Decisions on the state of health of employees and applicants for work with the use of ICT media
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Uczelnia Łazarskiego w Warszawie / Lazarski University in Warsaw, Warsaw, Poland (Wydział Prawa i Administracji / Department of Law and Administration)
Uniwersytet Medyczny w Łodzi / Medical Univeristy of Lodz, Łódź, Poland (Zakład Prawa Medycznego / Department of Medical Law)
Online publication date: 2020-10-27
Corresponding author
Justyna Zajdel-Całkowska   

Uczelnia Łazarskiego w Warszawie, Wydział Prawa i Administracji, Świeradowska 43, 02-662 Warszawa
Med Pr 2021;72(1):19–27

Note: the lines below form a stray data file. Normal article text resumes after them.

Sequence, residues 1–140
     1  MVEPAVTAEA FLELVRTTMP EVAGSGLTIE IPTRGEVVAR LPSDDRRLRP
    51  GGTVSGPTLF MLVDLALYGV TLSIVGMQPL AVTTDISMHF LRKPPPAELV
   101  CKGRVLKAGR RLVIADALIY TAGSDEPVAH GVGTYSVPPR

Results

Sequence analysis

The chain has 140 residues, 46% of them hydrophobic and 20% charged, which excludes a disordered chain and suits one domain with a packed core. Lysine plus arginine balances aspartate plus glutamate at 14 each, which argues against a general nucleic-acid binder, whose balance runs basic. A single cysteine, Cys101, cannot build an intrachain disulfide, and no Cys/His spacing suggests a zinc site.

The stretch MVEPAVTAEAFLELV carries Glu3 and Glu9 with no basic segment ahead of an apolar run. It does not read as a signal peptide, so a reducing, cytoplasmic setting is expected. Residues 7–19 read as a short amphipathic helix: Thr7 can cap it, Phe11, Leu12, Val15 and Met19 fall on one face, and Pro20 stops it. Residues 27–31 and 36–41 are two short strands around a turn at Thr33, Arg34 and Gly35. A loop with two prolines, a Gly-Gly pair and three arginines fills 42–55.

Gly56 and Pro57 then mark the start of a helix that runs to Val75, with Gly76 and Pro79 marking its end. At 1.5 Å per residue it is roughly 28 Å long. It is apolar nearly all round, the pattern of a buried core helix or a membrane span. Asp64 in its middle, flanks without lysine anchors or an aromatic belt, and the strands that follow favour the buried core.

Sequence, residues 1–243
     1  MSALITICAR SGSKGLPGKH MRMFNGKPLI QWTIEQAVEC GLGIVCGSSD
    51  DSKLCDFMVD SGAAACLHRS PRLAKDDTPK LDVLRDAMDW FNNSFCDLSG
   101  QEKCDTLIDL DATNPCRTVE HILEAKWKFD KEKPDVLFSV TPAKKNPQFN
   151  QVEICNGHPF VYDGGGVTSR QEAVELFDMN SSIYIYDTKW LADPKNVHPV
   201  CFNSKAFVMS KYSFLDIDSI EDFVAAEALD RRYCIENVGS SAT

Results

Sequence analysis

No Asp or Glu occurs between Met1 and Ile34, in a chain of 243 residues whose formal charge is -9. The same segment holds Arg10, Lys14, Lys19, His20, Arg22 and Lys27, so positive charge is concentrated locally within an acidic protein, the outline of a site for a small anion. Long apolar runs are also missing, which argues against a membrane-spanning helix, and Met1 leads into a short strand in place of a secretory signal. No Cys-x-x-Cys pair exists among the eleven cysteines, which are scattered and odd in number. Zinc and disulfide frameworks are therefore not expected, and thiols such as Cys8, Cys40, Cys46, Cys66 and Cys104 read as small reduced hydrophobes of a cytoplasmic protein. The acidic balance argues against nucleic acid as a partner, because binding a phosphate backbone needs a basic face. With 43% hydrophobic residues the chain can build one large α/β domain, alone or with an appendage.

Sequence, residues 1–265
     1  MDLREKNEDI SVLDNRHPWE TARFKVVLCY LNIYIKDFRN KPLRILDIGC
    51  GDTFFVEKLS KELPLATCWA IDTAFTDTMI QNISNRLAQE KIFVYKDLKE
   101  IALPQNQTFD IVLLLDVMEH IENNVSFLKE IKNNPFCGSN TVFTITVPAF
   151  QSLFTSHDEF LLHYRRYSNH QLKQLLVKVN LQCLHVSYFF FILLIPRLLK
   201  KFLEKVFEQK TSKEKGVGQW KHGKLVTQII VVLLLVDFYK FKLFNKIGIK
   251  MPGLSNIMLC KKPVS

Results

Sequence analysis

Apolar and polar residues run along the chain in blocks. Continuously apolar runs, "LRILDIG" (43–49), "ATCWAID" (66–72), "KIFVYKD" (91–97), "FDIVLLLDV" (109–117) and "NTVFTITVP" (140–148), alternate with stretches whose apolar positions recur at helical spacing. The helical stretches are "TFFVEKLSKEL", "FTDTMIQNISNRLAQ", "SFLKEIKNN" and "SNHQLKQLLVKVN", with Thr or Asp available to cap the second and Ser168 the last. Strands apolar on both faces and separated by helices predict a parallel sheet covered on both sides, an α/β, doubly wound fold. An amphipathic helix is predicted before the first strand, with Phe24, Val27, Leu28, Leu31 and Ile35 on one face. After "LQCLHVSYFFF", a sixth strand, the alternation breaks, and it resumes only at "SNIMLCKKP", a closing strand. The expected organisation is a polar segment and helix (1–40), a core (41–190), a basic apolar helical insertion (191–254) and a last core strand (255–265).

Background: The applicable law permits the use of information and communications technology (ICT) media in the process of providing health services, including preventive examinations. The right to perform preventive examinations using ICT should not be identified with an absolute obligation in this respect. An occupational medicine doctor may refuse to perform a preventive examination remotely if the specificity of medical activities and patient safety require personal contact with the doctor. The state of the epidemic prompted the legislator to adopt solutions enabling employees to continue working on the basis of an invalid decision, provided that it expired after March 7, 2020. The obligation to perform preventive examinations has been suspended, as a result of which their conduction during the epidemic is pointless. However, the obligations of the employee and the employer must be fulfilled in this respect immediately, but not later than within 60 days from the date of the epidemic cancellation. Material and Methods: The study uses the method of analyzing the currently applicable legal provisions allowing the use of ICT in the provision of health services. In addition, regulations governing the possibility of obliging employees to work remotely during the epidemic were also analyzed, together with the non-performance of preventive examinations and admissibility of work under a decision which had expired before March 7, 2020. Results: Current legal regulations are ambiguous and cause interpretation difficulties. The possibility of issuing decisions as a result of preventive examinations is a potential risk of liability for doctors who do not have specialist knowledge in the field of occupational medicine. Conclusions: The solutions of the Act on COVID-19 regarding the performance of preventive examinations introduce new rights and obligations for employees and employers as well as doctors. Their implementation is necessary due to the purpose of the newly introduced regulations, whose task is to minimize the risk of the COVID-19 infection. At the same time, it is necessary to adopt a unified position with regard to the rights and obligations of doctors issuing decisions for the purposes specified in the Labor Code. Med Pr. 2021;72(1):19–27